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They are included on our holiday card, we snuggle with them in our bed, and even make an excuse to go through the Dairy Queen drive-thru so “they” can get a treat (maybe that’s just me.)  Americans love their pets and treat them like family members. According to APPA (American Pet Products Association), pet owners in the U.S. spent 66.75 billion dollars on their pets in 2016. Now that’s a lot of money!

We take good care of our pets, but do you ever think about what pets do for us?

Research suggests that having a pet can improve our overall health. Our pets do much more than provide us with unconditional love.

Keep us physically active.

Dog owners can relate – Fido needs his exercise. Whether you’re out for walk or playing Frisbee at the park, you are getting active.

We all know that exercise is important for controlling your weight, for heart health and can cutting your risk for diseases like diabetes. The American Heart Association recommends 30 minutes of activity per day at least 5 days per week, it’s fairly easy to make that happen when you have a dog.

Reduce stress levels.

We live in a high stress society with 75% to 90% of all doctor’s office visits being related to stress.

If you have a bad day or are dealing with any type of grief or sadness, pets have this natural ability to calm, relax, and de-stress us.  We know we can count on them to give us companionship and love no matter what the circumstance. Reducing stress in your everyday life is important for maintaining your overall health.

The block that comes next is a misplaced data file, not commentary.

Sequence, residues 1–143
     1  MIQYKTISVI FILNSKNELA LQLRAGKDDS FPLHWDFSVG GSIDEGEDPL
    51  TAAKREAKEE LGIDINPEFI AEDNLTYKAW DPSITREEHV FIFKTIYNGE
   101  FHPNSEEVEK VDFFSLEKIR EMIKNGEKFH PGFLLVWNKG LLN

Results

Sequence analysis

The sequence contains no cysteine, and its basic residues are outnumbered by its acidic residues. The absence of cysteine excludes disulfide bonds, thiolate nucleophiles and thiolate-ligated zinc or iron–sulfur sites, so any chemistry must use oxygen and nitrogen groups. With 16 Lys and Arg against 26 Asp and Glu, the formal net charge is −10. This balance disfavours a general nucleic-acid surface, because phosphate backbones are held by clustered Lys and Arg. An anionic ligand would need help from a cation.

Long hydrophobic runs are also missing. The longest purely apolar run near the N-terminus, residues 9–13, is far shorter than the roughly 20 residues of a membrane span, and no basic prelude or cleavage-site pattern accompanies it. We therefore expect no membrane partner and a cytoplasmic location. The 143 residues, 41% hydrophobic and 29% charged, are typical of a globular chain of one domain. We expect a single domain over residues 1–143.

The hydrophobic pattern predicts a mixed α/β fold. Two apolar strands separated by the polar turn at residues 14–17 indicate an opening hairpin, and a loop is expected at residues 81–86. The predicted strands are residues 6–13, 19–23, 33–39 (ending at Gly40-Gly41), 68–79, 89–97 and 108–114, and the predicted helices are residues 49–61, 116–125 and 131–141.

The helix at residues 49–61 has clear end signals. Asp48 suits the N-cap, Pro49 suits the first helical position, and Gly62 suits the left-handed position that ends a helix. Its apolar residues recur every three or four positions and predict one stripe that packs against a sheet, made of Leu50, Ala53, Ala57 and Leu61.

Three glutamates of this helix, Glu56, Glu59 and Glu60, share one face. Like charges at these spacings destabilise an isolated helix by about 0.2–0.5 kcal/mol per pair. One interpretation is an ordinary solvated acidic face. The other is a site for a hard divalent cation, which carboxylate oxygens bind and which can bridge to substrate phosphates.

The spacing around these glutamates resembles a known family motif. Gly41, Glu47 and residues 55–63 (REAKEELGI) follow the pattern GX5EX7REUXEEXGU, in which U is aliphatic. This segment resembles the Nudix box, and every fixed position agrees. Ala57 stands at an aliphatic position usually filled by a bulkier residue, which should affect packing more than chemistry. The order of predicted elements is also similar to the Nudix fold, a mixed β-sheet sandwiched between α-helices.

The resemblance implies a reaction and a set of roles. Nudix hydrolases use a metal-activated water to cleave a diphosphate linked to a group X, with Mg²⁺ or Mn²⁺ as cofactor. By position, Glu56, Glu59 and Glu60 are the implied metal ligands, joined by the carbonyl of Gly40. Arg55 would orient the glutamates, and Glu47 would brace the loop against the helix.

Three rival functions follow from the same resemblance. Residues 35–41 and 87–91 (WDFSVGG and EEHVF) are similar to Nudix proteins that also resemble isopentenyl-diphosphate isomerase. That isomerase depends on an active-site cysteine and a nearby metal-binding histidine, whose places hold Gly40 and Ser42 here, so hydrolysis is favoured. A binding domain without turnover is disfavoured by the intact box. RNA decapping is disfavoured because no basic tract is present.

Researchers have found that children that grow up on a farm or in a home with a dog or cat are less likely to develop allergies down the road.

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Keep us socially connected.

Who doesn’t like talking about their pets? When you meet someone and find out you both have pets, it’s so easy to chat about your dear little Fluffy (and even bring out the pictures.) When you head out for that evening walk with your dog, it’s hard not to talk to other fellow dog walkers. If you really want to get out and meet people, take your dog to the dog park on a Saturday afternoon. It’s a puppy party!

Give us stronger immunity with fewer allergies.

Researchers have found that children that grow up on a farm or in a home with a dog or cat are less likely to develop allergies down the road. The exposure to allergens builds up the immune system which can help keep children healthy as they get older. So, maybe bringing home that kitty isn’t such a bad idea.

Great for the heart.

Owning a pet can also benefit your heart health. A study found that having a pet may reduce risk for heart disease. Not only are those dog walks great for the heart, but sitting and petting your furry friend lowers blood pressure and gives your body a sense of calmness (and your four-legged friend loves it too).

Remember, the healthier you are, the cheaper your life insurance. Wondering about how much life insurance costs? Run a term life insurance quote to find out. It’s quick, easy and no contact information is needed until you’re ready to apply. Give Spot an extra ear scratch tonight for helping you save money on your insurance premiums.

» Learn more: Daenerys and Her Dragons: Pet Trusts and Estate Planning for Your Pets


About the writer

Headshot of Jeanna Simonson, Life Insurance Marketing Content and Social Media at Quotacy, Inc. in Minneapolis. Holiday gift ideas.

Jeanna Simonson

Marketing Content and Social Media

Jeanna has a passion for letting her creativity shine. At Quotacy she manages social media, is a co-host of Quotacy's Q&A Friday YouTube channel, and enjoys writing here and there. When she's not at the office, you can find her hanging with her husband and rescue animals, brunching with girlfriends, or loving up on her nieces and nephews. Connect with her on LinkedIn.